The topic “Gyan vs Bhakti” is one of the most intensely debated topics in Indian philosophy, and followers of advaitvad, dwaitvad, visishtadvaitvad, vishuddhadvaitvad, achintya bhedabhedvad, all hold strong opinions on either sides of the topic. It has been very skillfully debated here by those who have participated in the discussion.
It is difficult to do justice to this topic in brief, but I must contribute something, since I had initiated this discussion. Gyan and Bhakti are definitely inter-related. For example, if someone gives us a piece of jewellery, and we have no knowledge of its worth, you will have no love for it either. But if we come to know that the gold is 24 carats, and the diamond studded in it is worth a million dollars, we will immediately develop immense love for our new possession. Similarly, as we get knowledge of the glory of God and our relationship with Him, our devotion towards Him will also increase. So true knowledge definitely leads to bhakti.
And as we engage in bhakti, God seated within the heart gives us deeper and newer realizations. Thus, bhakti leads to knowledge. Gyan and bhakti are thus intimately inter-related: gyan increases bhakti, and bhakti increases gyan.
However, Gyan yog, or the path of gyan, is different from this. It suggests that the soul is itself God, and so by situating oneself in the knowledge of the true self as atman, one will attain liberation. Such knowledge is incomplete without the understanding that soul is only a tiny fragment of God, that it has an eternal relationship with God, and that it needs to surrender to God, to attain His grace.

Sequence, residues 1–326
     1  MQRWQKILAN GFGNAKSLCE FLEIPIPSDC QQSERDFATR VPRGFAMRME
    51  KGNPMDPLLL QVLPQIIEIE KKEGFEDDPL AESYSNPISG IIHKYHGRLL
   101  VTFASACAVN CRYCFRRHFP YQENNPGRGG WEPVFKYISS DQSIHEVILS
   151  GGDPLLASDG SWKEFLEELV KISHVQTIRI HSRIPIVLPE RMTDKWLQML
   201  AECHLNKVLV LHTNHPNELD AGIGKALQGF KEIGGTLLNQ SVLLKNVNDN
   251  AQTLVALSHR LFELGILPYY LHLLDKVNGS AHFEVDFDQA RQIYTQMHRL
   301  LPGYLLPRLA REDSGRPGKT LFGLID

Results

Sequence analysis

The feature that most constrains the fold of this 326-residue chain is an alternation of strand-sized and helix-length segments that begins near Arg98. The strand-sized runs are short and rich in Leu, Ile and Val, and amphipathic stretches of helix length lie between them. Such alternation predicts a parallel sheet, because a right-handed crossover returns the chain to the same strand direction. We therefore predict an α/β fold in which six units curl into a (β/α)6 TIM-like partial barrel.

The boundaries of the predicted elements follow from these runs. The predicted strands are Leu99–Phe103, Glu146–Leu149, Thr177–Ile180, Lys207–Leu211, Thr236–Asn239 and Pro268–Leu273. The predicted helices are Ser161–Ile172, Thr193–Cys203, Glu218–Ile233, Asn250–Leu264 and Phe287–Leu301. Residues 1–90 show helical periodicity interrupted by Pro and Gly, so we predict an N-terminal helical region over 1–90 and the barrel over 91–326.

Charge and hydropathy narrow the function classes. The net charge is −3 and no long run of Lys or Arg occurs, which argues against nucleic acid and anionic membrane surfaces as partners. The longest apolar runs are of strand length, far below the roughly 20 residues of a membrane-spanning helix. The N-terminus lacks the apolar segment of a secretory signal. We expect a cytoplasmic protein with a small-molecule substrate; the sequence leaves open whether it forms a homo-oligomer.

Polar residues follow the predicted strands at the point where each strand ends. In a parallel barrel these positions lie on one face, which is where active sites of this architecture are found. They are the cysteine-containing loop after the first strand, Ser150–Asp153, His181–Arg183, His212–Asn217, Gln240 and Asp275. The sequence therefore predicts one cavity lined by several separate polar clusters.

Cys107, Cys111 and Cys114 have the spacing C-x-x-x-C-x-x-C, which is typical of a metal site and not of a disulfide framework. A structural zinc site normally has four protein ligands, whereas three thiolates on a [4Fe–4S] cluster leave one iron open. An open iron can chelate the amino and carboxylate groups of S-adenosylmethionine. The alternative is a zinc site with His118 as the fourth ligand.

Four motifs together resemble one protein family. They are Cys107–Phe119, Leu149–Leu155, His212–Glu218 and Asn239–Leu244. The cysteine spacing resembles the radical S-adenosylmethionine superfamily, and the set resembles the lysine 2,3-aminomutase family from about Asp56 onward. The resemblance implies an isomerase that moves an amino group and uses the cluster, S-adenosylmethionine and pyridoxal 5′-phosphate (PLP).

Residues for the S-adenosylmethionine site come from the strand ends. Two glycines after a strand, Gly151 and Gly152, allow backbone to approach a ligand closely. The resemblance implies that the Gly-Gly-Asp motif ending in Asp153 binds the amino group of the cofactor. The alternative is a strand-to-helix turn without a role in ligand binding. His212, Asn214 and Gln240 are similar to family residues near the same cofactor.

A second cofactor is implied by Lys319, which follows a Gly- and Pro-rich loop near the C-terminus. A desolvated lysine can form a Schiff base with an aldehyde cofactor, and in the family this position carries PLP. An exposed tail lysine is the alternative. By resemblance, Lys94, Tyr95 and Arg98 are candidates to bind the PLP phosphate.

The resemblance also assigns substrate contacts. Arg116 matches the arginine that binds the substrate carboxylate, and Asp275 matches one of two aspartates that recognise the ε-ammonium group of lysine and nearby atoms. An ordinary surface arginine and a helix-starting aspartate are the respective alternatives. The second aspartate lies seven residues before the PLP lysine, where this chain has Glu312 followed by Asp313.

Consequently, the meditational styles of the gyanyogi and the bhakti yogi are quite different. The bhaktiyogi meditates on the Supreme, All-powerful God, and relates to Him in a personal form as his ishta dev. However, the gyan yogi considers meditation on God as inferior, and aims to still the mind by meditation on the breath, or the eyebrow center, etc. Such meditation aimed at merely stilling the mind is not only exceedingly difficult, it is also bereft of the grace of God.
The mind is a product of the material energy of God, and it cannot be conquered without His grace, no matter for how many ages we may endeavor. Hence, the writer the the Yog Darshan, Maharashi Patanjali, has mentioned in three places in his brief treatise: Ishwara pranidhati – for success in meditation and for conquering the mind, surrender to God. Bhakti thus becomes essential in the path of gyan as well.
Theres is yet another kind of gyan, called shabdik gyan, which means dry intellectual knowledge, without concurrent practice. Such gyan, without realization leads to pride, and does more harm than good. It has thus been criticized by the scriptures.
We must thus acquire the right knowledge of our eternal relationship with God, and then endeavor to put it in practice. That knowledge will then help us increase our devotion, and devotion will increase our knowledge, and knowledge will increase our devotion, and devotion will increase knowledge, and so on.